Functional Android Apps

Functional Android Apps

In this talk, we will learn how to leverage the capabilities of the Arrow Fx Coroutines library to encode Android applications. We will make good use of the Arrow functional streams implementation, and learn about the advanced concurrency operators the library provides to encode our apps. We will also grow some sense on how to use suspend as a mechanism to flag side effects, and how to provide a safe environment to run and keep those under control.

This talk was given by Jorge Castillo at the 2020 Android Summit and serves as a precursor to the Functional Android Apps course through the 47 Degrees Academy.

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47 Degrees Academy

October 08, 2020
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Transcript

  1. None
  2. Why FP? Achieve determinism to ght race conditions. Pure functions

    improve code reasoning. Keep side e ects under control.
  3. Concern separation Staying declarative and deferred. Memory representation of the

    program (algebras). Decoupled runtime - optimizations. Simple example: Kotlin Sequences terminal ops to consume - toList()
  4. Another example of this? Jetpack Compose

  5. Compose Also applies concern separation Creates an in-memory representation of

    the UI tree The runtime interprets it by applying desired optimizations. (Run composable functions in parallel, in di erent order, smart recomposition...).
  6. Composable functions Similar to suspend functions Description of an e

    ect to render UI. Only callable from within other composable functions or a prepared environment integration point setContent {} Enforces a usage scope to keep control over it.
  7. Composable functions The integration point interprets the in- memory UI

    tree skia in Android Allow using di erent runtimes. class MainActivity : AppCompatActivity() { override fun onCreate(savedInstanceState: Bundle?) { /* ... */ setContent { // integration point for Android AppTheme { MainContent() // composable tree } } } }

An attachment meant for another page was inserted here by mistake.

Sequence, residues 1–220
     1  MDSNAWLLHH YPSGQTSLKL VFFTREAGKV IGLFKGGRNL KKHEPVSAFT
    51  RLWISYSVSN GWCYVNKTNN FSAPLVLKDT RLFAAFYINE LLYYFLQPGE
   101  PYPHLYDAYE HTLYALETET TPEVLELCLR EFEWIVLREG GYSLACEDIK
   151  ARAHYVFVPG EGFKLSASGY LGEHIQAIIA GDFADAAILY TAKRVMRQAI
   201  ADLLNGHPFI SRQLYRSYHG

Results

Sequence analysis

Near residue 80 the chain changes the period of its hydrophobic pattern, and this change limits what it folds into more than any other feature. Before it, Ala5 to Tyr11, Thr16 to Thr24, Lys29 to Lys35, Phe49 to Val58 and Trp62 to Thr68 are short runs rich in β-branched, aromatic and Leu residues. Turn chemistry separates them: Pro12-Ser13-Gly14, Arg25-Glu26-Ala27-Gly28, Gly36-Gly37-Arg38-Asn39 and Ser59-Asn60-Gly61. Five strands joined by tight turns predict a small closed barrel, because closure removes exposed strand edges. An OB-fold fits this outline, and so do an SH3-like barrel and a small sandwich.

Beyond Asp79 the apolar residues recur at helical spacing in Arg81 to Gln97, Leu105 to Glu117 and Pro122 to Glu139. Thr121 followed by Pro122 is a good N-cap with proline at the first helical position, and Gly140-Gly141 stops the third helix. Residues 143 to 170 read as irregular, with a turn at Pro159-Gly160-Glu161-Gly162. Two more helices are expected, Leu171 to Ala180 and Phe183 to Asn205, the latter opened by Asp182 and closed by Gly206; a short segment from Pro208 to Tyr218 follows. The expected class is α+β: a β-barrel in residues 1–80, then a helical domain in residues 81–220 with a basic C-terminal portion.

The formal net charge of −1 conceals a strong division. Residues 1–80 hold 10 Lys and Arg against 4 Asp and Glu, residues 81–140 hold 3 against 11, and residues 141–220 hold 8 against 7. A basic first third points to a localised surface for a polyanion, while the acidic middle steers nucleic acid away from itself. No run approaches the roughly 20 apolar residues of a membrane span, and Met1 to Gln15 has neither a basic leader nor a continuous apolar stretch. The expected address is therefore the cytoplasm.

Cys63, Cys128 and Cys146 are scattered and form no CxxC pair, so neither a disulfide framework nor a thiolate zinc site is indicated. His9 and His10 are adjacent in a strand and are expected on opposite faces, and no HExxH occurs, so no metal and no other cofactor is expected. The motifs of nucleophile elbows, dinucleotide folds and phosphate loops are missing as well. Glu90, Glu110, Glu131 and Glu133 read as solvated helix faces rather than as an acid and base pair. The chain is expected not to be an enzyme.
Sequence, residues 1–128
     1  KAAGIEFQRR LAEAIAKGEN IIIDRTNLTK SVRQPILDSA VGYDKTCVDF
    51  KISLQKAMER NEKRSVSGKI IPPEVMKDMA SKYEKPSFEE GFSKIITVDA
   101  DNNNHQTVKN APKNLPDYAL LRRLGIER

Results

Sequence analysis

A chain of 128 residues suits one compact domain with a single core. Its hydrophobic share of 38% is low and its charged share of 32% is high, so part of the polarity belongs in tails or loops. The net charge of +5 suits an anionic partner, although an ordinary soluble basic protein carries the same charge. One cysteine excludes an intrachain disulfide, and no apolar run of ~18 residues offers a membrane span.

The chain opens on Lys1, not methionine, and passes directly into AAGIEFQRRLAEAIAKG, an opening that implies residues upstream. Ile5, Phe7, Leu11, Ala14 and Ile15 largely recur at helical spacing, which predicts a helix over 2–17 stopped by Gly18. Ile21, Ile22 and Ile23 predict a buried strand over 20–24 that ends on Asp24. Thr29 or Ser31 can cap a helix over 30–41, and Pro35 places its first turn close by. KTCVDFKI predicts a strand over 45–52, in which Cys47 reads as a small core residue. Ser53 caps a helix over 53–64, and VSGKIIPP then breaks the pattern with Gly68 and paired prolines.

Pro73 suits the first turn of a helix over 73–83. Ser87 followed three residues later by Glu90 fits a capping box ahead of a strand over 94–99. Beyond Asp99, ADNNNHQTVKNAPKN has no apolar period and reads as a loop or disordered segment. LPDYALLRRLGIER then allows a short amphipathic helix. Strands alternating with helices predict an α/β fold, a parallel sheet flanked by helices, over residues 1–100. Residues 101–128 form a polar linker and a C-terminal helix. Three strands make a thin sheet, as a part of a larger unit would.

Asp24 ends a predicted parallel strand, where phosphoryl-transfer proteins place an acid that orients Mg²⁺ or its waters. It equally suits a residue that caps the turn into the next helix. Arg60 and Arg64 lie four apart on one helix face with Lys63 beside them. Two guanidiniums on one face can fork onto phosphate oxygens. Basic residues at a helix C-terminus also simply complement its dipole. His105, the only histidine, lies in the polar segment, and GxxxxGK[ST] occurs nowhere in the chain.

8. Android architecture? We can leverage the same idea using suspend

    . Flags a potentially blocking long running computation e ect Enforces it to run under a prepared environment (Coroutine). Makes the e ect compile time tracked.
  9. Flag e ects as suspend Make 'em pure! interface UserService

    { - fun loadUser(): User + suspend fun loadUser(): User } class UserPersistence { - fun loadUser(): User = TODO() + suspend fun loadUser(): User = TODO() } class AnalyticsTracker { - fun trackEvent(event: Event): Unit = TODO() + suspend fun trackEvent(event: Event): Unit = TODO() }
  10. But we'll need a runtime Every suspended program requires an

    environment (runtime) to run. Suspend makes our program declarative description of e ects. Crawls the call stack up until the integration point coroutine launch.
  11. Environment in KotlinX KotlinX Coroutines builders launch, async. class MyFragment:

    Fragment() { override fun onViewCreated(...) { /* ... */ viewLifecycleOwner.lifecycleScope.launch { // suspended program } } }
  12. Environment in FP Arrow Fx Coroutines Environment. Takes care of

    the execution strategy / context to run the program. class MyFragment: Fragment() { override fun onViewCreated(...) { /* ... */ val env = Environment() val cancellable = env.unsafeRunAsyncCancellable( { /* suspended program */ }, { e -> /* handle errors unhandled by the program */ }, { a -> /* handle result of the program */ } ) } }
  13. App entry points Also called "edge of the world". Android

    no suspend entry points. Inversion of control. Lifecycle callbacks entry points to hook logic.
  14. The suspended program Or in other words, our pure logics.

    Leverage data types to raise concerns over the data. Either<L, R> will be our friend